Lawsuit: Trustee Perles knew Nassar drugged, raped girl in ‘92
Over the last two years, the story of the hundreds of women and girls sexually abused by ex-MSU doctor Larry Nassar and what enabled him to avoid prosecution for so long has taken many turns. The allegations in a recently filed lawsuit bring new factors to the story.
The lawsuit marks the earliest report of Nassar’s abuse to date. It says the university knew what was happening as early as 1992, five years earlier than was previously thought — and did nothing.
In October 1992, Nassar, then a 29-year-old student in the College of Osteopathic Medicine, drugged, raped and impregnated, Erika Davis, an underage MSU athlete, the lawsuit says. Davis was a 17-year-old MSU field hockey player at the time.
Davis’ lawsuit says her rape was filmed under the guise of a medical study.
Then-women’s field hockey coach Martha Ludwig learned of the assault from Davis, confronted Nassar and “demanded and received the video of Plaintiff Erika’s appointment with Defendant Nassar.”
After the rape, Davis learned she was pregnant. However, she miscarried. Nassar was the only possible father, according to the lawsuit.
Davis’ report came five years before survivor Larissa Boyce reported to then-gymnastics coach Kathie Klages in what was previously know as the earliest report of Nassar’s abuse to an MSU employee.
“Defendant Michigan State University could have stopped Defendant Nassar’s conduct back in 1992, but did not,” Davis’ attorneys wrote in the lawsuit.
The lawsuit says that Davis’ rape was reported to multiple people within the university: then-MSU women’s field hockey coach Martha Ludwig, the MSU Police Department and the athletic department.
MSU Trustee George Perles, who resigned as the athletic director in May 1992, interfered with the investigation, resulting in the complaint being dropped, the lawsuit says. He was not employed by MSU at the time.
Perles forced Ludwig to return the video, resign and sign a non-disclosure agreement, the lawsuit says.
However, the lawsuit claims Ludwig likely made a copy of the video.
While reporting the assault to MSUPD, a detective sergeant allegedly told her “he was powerless to investigate” because she was an athlete. Instead, police told her she should go to the athletic department. After Davis informed them she was already rebuffed by the MSU athletic department, “the Sergeant responded that George Perles is a ‘powerful man,’ and she should just drop it,” her attorneys wrote in the lawsuit.
After reporting the assault to MSUPD, Davis lost her NCAA scholarship, the lawsuit says.
“This proves that not only did Defendant Michigan State University have knowledge that Defendant Nassar sexually abused and sexually assaulted minors, but that it would also go to great lengths to conceal this conduct,” the lawsuit said.
In 1997, five years after the alleged rape, Nassar was hired by the university. That same year, Boyce said she told the university that he sexually assaulted her. Boyce said Klages convinced her not to file a report.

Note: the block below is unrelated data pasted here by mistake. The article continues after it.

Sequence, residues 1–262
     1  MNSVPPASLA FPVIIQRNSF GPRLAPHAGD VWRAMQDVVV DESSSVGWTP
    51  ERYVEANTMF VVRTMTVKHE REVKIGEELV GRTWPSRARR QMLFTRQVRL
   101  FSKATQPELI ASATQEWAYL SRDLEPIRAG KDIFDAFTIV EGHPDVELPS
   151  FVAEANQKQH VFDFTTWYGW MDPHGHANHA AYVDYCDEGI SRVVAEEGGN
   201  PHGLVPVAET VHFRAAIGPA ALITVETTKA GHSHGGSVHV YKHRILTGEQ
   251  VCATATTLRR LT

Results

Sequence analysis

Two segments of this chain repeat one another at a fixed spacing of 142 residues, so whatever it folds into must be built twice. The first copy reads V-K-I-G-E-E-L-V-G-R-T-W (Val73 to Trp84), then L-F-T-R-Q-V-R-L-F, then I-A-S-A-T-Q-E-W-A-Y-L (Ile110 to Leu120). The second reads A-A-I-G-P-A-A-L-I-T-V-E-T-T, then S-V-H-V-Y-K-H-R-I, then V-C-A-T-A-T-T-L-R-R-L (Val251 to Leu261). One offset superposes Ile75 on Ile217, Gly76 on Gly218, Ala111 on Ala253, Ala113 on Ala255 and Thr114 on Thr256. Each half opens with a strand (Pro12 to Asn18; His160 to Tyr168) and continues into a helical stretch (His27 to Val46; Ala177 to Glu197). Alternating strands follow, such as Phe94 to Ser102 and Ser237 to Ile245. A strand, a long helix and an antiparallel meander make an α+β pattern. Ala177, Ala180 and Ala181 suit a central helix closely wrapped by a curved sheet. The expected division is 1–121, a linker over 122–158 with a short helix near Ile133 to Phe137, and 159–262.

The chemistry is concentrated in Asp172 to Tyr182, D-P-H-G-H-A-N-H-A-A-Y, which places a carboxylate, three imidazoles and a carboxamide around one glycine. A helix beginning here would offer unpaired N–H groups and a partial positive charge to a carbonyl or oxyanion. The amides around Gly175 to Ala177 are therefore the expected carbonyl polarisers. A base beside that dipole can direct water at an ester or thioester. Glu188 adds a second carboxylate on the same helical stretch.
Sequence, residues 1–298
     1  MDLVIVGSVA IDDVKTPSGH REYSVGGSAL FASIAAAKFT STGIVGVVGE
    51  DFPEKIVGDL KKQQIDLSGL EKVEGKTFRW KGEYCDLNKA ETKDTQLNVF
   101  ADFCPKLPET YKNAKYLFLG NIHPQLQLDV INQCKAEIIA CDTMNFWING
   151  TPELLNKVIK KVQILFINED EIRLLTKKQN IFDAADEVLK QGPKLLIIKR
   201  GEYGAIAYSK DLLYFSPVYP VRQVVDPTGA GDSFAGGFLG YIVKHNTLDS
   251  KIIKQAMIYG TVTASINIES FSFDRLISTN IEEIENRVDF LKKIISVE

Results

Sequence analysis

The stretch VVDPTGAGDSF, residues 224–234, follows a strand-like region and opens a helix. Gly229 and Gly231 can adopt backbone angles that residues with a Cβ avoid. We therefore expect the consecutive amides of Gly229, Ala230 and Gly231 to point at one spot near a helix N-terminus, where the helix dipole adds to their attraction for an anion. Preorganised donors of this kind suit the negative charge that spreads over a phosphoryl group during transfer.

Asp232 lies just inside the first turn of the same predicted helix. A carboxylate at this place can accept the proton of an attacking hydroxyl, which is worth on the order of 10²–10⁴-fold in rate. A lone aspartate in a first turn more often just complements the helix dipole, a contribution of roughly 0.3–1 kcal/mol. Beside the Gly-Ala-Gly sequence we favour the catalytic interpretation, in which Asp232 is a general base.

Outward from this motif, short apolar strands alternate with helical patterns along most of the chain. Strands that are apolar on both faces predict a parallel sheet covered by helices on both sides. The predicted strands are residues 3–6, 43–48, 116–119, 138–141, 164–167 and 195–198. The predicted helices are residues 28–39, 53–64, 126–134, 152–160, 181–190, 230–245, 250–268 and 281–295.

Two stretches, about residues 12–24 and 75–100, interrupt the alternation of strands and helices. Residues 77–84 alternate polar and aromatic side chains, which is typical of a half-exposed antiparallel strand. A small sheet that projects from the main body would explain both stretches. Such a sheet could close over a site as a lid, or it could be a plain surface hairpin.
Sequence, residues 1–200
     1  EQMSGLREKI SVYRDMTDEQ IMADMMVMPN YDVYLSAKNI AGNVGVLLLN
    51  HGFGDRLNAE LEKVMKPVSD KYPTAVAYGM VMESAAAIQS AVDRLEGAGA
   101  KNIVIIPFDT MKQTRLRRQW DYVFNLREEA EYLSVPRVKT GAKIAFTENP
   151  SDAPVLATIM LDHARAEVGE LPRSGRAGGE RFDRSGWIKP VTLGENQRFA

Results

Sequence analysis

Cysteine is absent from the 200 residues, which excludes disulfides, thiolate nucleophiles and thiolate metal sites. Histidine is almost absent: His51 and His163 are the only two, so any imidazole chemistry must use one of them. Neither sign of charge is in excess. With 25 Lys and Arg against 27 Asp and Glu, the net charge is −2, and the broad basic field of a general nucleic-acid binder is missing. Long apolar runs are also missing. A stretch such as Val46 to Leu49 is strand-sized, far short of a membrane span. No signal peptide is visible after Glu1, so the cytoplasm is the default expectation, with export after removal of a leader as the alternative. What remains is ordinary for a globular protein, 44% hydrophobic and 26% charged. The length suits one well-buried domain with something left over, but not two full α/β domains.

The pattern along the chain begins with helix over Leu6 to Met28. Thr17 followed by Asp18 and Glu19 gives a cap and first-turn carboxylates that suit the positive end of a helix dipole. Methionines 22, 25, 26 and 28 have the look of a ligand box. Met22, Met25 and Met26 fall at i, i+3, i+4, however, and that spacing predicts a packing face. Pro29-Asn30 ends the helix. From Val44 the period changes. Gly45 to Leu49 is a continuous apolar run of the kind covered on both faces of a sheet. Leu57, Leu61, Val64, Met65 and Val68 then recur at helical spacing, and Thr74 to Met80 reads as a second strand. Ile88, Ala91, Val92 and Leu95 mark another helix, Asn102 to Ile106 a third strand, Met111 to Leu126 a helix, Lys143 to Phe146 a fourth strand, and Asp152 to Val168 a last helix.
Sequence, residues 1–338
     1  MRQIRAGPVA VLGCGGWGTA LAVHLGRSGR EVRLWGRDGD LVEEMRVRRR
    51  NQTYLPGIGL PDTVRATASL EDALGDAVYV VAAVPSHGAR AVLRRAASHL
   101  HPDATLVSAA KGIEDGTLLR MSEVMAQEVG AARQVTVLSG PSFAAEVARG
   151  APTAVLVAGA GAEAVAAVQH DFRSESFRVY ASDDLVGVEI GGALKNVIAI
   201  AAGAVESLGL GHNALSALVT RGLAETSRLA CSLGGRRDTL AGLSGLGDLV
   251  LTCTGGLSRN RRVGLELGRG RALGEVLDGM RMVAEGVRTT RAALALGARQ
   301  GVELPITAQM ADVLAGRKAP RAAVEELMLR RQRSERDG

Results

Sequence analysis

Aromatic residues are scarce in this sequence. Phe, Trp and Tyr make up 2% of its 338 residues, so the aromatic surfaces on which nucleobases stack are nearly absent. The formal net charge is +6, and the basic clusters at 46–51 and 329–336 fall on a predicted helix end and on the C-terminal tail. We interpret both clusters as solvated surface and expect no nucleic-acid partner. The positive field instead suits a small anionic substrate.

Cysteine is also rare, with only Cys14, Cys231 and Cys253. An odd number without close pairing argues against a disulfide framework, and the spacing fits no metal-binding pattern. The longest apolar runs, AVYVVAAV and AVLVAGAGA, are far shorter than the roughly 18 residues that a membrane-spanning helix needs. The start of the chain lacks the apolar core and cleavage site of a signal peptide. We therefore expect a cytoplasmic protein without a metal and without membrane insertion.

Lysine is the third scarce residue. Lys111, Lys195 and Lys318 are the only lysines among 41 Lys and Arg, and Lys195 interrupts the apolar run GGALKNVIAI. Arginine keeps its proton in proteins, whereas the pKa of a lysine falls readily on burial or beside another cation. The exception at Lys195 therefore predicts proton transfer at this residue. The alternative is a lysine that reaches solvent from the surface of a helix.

Many other survivors say they reported Nassar’s abuse to the university after Davis and Boyce. In 1998 and 2000, two student athletes reported concerns about Nassar to trainers but according to lawsuits filed in 2017, no action was taken by the university.
In 2004, Kyle Stephens notified MSU clinical psychologist Gary Stollak of her childhood abuse by Nassar. In 2014, Amanda Thomashow told the university about her assault, and three months after an investigation was launched, Nassar was cleared of any wrongdoing.
Vice President and university spokesperson Emily Guerrant responded to the lawsuit in an email statement.
“We are deeply sorry for the abuses Larry Nassar has committed, and for the trauma experienced by all sexual assault survivors,” Guerrant said. “Sexual abuse, assault and relationship violence are not tolerated in our campus community. While the protocols and procedures mentioned in this lawsuit do not reflect how sexual assault claims are handled at MSU, we are taking the allegations very seriously and looking into the situation.
“MSU is working diligently to create a campus community where all members feel safe to study and work free from the threat of sexual misconduct and relationship violence. At the same time, we want to make sure that when survivors of sexual assault or relationship violence come forward, they are treated with respect, listened to and that we provide the appropriate supports throughout the reporting process.”
Davis’ lawsuit names MSU, Klages, former Dean of the College of Osteopathic Medicine William Strampel, USA Gymnastics, Twistars Gymnastics Club, John Geddert, former director of SportsMedicine Jeffrey Kovan, retired MSU professor of clinical psychology Gary Stollak, Clinical Director of MSU SportsMedicine Douglas Dietzel and former MSU doctors Brooke Lemmon and Destiny Teachnor-Hauk as defendants.
Nassar is serving a 60 year federal sentence for child pornography. He was also charged in Ingham and Eaton counties. His appeal for resentencing in both counties was denied.
He is in a prison in Florida.